# Predicting rates for testing data
lasso_pred_alpha_mod = regressor_lasso_alpha_mod.predict(X_test)

lasso_prediction_df_alpha_mod = pd.DataFrame(data = lasso_pred_alpha_mod, columns=['Predicted rates'])

lasso_prediction_df_alpha_mod['Actual rates'] = Y_test.values

lasso_prediction_df_alpha_mod.head()

Output:

  1. Visualizing the best fit line for alpha = 0.5
  1. Comparing the evaluation metrics for both lasso models
# Evaluating the prediction with metrics
# Metrics for lasso regression model with alpha = 1.0
lasso_MSE = mean_squared_error(Y_test, lasso_pred)
lasso_MAE = mean_absolute_error(Y_test, lasso_pred)
lasso_RMSE = mean_squared_error(Y_test, lasso_pred, squared=False)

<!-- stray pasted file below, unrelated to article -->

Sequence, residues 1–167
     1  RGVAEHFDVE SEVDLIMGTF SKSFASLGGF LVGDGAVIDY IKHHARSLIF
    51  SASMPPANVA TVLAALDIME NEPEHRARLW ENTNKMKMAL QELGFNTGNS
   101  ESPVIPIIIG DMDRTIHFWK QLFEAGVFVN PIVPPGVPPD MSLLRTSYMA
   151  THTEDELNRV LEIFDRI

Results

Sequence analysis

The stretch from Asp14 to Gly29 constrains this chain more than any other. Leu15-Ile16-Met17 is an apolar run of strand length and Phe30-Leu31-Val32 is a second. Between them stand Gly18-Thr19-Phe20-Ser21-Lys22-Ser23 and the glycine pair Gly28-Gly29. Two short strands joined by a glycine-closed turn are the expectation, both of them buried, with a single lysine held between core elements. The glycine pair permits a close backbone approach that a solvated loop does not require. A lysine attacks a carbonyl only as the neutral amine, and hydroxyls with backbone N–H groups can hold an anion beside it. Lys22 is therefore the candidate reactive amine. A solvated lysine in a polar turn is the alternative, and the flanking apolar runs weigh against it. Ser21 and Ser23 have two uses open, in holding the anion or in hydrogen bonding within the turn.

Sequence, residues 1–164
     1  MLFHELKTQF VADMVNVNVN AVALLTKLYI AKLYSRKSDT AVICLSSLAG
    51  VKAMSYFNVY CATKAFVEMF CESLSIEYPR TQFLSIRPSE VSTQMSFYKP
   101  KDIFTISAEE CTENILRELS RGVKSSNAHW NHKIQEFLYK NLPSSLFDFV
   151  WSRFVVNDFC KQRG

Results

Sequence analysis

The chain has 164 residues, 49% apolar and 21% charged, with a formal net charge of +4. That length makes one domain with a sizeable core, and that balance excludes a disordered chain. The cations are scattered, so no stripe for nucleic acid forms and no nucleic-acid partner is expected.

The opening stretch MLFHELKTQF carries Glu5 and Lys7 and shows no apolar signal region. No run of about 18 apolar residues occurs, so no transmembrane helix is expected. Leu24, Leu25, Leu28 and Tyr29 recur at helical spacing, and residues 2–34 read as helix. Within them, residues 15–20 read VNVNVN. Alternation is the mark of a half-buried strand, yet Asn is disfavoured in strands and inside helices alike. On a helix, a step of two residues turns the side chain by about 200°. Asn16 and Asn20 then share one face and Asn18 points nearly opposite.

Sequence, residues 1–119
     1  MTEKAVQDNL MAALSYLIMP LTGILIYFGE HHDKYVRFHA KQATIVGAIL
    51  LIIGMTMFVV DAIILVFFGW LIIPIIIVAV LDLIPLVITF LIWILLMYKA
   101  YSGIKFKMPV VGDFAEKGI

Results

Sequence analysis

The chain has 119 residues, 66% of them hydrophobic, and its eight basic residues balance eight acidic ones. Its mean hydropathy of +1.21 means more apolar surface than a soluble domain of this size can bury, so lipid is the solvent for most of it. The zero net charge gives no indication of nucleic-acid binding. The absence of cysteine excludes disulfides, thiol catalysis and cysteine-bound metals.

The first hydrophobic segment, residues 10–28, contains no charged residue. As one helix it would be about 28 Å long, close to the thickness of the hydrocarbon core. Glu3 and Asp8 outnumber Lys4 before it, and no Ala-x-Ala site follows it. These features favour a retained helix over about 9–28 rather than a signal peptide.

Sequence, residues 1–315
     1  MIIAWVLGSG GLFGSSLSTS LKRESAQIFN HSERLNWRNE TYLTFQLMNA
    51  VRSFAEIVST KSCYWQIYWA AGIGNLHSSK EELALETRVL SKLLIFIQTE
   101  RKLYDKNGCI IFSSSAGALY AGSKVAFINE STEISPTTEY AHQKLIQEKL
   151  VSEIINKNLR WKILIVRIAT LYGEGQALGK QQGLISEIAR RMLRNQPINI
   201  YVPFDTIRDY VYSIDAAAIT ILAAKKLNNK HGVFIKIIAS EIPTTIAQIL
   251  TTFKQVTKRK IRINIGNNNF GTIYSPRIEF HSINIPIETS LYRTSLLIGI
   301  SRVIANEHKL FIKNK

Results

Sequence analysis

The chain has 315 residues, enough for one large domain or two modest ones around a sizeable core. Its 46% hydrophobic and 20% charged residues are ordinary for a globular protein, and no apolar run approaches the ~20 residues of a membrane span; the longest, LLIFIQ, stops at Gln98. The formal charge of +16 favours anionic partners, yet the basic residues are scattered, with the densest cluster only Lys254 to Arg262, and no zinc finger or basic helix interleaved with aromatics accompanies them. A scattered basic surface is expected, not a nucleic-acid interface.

# Metrics for lasso regression model with alpha = 0.5
lasso_MSE_alpha_mod = mean_squared_error(Y_test, lasso_pred_alpha_mod)
lasso_MAE_alpha_mod = mean_absolute_error(Y_test, lasso_pred_alpha_mod)
lasso_RMSE_alpha_mod = mean_squared_error(Y_test, lasso_pred_alpha_mod, squared=False)

# Tabulating the values of both the models
lasso_metrics = ['Lasso', regressor_lasso.alpha, lasso_MSE, lasso_MAE, lasso_RMSE]
lasso_metrics_alpha_mod = ['Lasso', regressor_lasso_alpha_mod.alpha, lasso_MSE_alpha_mod, lasso_MAE_alpha_mod, lasso_RMSE_alpha_mod]

lasso_table = [lasso_metrics, lasso_metrics_alpha_mod]

print(tabulate(lasso_table, headers=('Model', 'Alpha', 'MSE', 'MAE', 'RMSE')))

Output:

In the table above, the error values of the lasso model with alpha 0.5 is lower than that of the lasso model with alpha 1.0, thus, the model with an alpha value of 0.5 would predict more precise results as compared to that of the model with alpha value 1.0

Click here to understand the evaluation metrics used for ridge and lasso regression.